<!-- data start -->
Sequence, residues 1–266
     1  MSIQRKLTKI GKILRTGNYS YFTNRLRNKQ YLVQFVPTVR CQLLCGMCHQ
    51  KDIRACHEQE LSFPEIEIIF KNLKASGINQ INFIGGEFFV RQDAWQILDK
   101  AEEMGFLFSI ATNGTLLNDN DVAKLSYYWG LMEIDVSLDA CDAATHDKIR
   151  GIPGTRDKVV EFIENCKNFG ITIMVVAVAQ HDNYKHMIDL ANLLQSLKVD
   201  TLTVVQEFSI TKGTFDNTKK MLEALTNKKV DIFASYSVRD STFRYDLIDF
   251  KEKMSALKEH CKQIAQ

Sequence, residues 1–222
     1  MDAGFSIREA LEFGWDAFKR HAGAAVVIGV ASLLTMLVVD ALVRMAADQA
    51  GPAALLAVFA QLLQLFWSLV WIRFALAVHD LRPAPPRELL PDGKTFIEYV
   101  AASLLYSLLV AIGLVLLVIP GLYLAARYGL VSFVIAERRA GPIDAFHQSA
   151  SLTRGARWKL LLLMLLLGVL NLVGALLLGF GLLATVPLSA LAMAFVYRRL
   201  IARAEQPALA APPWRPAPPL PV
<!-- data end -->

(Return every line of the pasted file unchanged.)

Sequence, residues 1–266
     1  MSIQRKLTKI GKILRTGNYS YFTNRLRNKQ YLVQFVPTVR CQLLCGMCHQ
    51  KDIRACHEQE LSFPEIEIIF KNLKASGINQ INFIGGEFFV RQDAWQILDK
   101  AEEMGFLFSI ATNGTLLNDN DVAKLSYYWG LMEIDVSLDA CDAATHDKIR
   151  GIPGTRDKVV EFIENCKNFG ITIMVVAVAQ HDNYKHMIDL ANLLQSLKVD
   201  TLTVVQEFSI TKGTFDNTKK MLEALTNKKV DIFASYSVRD STFRYDLIDF
   251  KEKMSALKEH CKQIAQ

Sequence, residues 1–222
     1  MDAGFSIREA LEFGWDAFKR HAGAAVVIGV ASLLTMLVVD ALVRMAADQA
    51  GPAALLAVFA QLLQLFWSLV WIRFALAVHD LRPAPPRELL PDGKTFIEYV
   101  AASLLYSLLV AIGLVLLVIP GLYLAARYGL VSFVIAERRA GPIDAFHQSA
   151  SLTRGARWKL LLLMLLLGVL NLVGALLLGF GLLATVPLSA LAMAFVYRRL
   201  IARAEQPALA APPWRPAPPL PV